If one works on the premise that food retailers' role is reduce the time that people spend cooking, then the industry has been pretty successful, especially when it comes to prepared meals and the like.

    But I wonder if the industry's greater goal ought to be to help people find satisfaction, even solace, in the kitchen, to see it as a place of emotional, not just nutritional, nourishment.

    I suppose that's sort of an existential question, and, to be fair, the answer will vary, depending on the retailer and the customer;  it may even vary for the same customer, depending on the day of the week or even the time of day.

    The question stands, though:  Does this survey suggests that the food retailing business has done a good job, or a bad job?

    Published on: July 28, 2021

    Bloomberg Businessweek has a story about PopUp Republic, "which helps brands create and market temporary locations, estimates the pop-up retail industry has grown to $10 billion in U.S. sales across numerous categories from fashion to tech. Retailers such as Inc. and Nike Inc. have tried out temporary locations, and Macy’s Inc. a few years ago began opening pop-up marketplaces in its own department stores."

    The story notes that brands around the world are trying to be creative in how they employ the concept - "Gucci rented a Milan apartment to show off its home decor, Pantone served pastries and coffee from a cafe in Monaco, and Lego opened an art gallery in London."

    But, as some of these brand names suggest, the pop-up format can be expensive, because it involves "outfitting an entire storefront for just a few months, weeks, or days."  Or it can involve something even more elaborate (like the Gucci-outfitted apartment).

    One example of a recent effort was "Cuyana, a San Francisco-based premium fashion label, (which) is taking its traveling showroom on a summer road trip. The portable pop-up presents retailers and malls with a new way to sell goods, gather data, and try out locations without committing to a larger lease or paying repeatedly for major renovations. Just load the whole thing onto a truck and plop it down somewhere … In this case, the areas in question are shopping malls, which have struggled to find uses for idle square footage in an era of fewer visitors and higher vacancy rates. The pitch for mall operators is that they can take an area they’re not trying to rent long term—a few parking spaces, a courtyard, or an empty atrium—and make some money off it."

    KC's View:

    I tend to think of pop-up stores less literally than Bloomberg Businessweek does in this case, because I think they offer a thematic ideas about how more food retailers ought to approach business.  Rather than be locked into doing business traditional locations, why couldn't retailers - for example - use the pop-up store concept to allow shoppers to pick up holiday pre-orders from locations that are away from the store, and maybe even are in neighborhoods the retailer doesn't traditionally serve?  Why couldn't they use the pop-up concept to test out remote hubs for both pickup and delivery of all online orders?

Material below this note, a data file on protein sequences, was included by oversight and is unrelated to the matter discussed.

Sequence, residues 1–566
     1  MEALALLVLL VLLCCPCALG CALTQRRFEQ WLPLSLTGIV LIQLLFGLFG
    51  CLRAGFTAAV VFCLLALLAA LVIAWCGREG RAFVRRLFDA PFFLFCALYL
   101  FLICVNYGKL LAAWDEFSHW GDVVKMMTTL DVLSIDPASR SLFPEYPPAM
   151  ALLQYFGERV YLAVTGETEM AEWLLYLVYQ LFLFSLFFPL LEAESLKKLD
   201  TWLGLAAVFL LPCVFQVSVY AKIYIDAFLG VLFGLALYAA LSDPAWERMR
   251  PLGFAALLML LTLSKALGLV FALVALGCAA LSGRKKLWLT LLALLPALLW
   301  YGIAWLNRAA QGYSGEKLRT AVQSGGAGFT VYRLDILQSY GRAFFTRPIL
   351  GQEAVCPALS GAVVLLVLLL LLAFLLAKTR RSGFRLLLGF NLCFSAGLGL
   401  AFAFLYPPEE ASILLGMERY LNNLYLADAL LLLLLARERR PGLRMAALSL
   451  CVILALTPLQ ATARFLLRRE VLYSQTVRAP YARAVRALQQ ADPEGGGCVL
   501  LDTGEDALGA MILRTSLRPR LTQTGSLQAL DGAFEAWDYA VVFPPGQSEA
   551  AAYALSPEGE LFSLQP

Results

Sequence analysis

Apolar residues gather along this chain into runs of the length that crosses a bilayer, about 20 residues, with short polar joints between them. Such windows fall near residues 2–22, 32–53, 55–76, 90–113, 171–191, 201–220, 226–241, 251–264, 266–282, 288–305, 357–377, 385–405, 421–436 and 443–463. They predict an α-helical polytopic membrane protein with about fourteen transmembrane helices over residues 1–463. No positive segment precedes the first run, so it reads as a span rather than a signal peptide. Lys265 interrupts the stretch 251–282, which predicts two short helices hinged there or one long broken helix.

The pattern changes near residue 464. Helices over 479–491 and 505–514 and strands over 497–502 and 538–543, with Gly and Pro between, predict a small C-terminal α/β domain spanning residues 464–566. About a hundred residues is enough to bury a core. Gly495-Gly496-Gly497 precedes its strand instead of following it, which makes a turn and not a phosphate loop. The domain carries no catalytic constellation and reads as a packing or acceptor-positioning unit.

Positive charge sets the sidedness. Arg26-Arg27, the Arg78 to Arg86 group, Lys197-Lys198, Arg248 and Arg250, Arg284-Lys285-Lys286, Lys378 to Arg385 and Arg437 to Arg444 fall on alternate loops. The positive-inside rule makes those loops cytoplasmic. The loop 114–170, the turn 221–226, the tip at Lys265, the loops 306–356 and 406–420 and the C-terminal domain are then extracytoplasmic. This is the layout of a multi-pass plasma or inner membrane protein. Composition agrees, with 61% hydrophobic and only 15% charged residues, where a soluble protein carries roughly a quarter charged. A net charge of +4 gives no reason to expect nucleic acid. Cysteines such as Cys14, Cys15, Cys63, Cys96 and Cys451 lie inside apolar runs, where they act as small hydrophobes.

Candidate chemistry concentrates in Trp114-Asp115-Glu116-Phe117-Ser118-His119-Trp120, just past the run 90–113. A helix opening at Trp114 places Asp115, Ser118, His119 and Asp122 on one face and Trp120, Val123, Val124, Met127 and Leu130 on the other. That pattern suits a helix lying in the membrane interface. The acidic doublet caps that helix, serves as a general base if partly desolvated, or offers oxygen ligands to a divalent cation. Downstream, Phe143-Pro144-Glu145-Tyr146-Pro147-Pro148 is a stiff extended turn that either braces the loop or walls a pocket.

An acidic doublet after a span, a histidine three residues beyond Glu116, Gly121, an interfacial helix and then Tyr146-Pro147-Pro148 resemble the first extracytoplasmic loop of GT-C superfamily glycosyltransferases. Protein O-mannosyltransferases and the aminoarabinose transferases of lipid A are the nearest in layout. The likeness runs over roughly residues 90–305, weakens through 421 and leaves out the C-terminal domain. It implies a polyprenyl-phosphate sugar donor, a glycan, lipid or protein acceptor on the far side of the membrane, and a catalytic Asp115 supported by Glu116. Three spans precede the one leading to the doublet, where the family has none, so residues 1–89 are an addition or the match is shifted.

Or why couldn't a retailer use a pop-up to test a new format - maybe one that is fresh food-focused, with all center store-type products available online - without having to make a major investment in new real estate?  Or go the other way, and test a pop-up convenience store format?

    I would think of pop-up stores as another potential weapon in a quiver that can also include dark stores, ghost kitchens, and food trucks.  It isn't a bad idea to keep customers guessing, competitors off-balance, and employees engaged in something new that can create new opportunities.

    Published on: July 28, 2021

    Random and illustrative stories about the global pandemic and how businesses and various business sectors are trying to recover from it, with brief, occasional, italicized and sometimes gratuitous commentary…

    •  Here are the US Covid-19 coronavirus numbers:  35,353,923 total cases … 627,351 deaths … and 29,571,434 reported recoveries.

    The global numbers:  196,005,941 total cases … 4,193,322 fatalities … and 177,690,407 reported recoveries.   (Source.)

    •  The Centers for Disease Control and Prevention (CDC) says that 66.6 percent of the US population age 12 and older has received at least one dose of vaccine, with 57.6 percent being fully vaccinated.

    •  The Wall Street Journal reports that the Centers for Disease Control and Prevention (CDC) is recommending that "vaccinated people resume masking in public indoor spaces in areas with high or substantial Covid-19 transmission as the highly contagious Delta variant spreads … The move marks a change from the top health protection agency's guidance in May that vaccinated people no longer needed to mask or physically distance in most indoor and outdoor settings.

    "Some public health experts had called on the CDC to revisit its mask guidelines for vaccinated people as cases have surged in some parts of the country and vaccinations slowed."

    Axios writes that "in another reversal, the CDC also recommended universal indoor masking for all teachers, staff, students and visitors to K-12 schools this incoming school year, regardless of vaccination status.